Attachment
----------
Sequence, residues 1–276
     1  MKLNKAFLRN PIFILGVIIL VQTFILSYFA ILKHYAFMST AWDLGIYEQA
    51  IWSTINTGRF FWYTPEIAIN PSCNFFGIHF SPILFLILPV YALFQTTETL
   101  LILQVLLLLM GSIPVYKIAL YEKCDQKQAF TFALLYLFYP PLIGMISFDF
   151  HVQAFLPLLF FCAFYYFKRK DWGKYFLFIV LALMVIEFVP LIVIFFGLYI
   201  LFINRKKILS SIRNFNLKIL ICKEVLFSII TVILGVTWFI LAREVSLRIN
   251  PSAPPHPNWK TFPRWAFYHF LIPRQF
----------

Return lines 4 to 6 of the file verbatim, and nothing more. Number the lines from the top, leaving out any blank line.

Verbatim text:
   101  LILQVLLLLM GSIPVYKIAL YEKCDQKQAF TFALLYLFYP PLIGMISFDF
   151  HVQAFLPLLF FCAFYYFKRK DWGKYFLFIV LALMVIEFVP LIVIFFGLYI
   201  LFINRKKILS SIRNFNLKIL ICKEVLFSII TVILGVTWFI LAREVSLRIN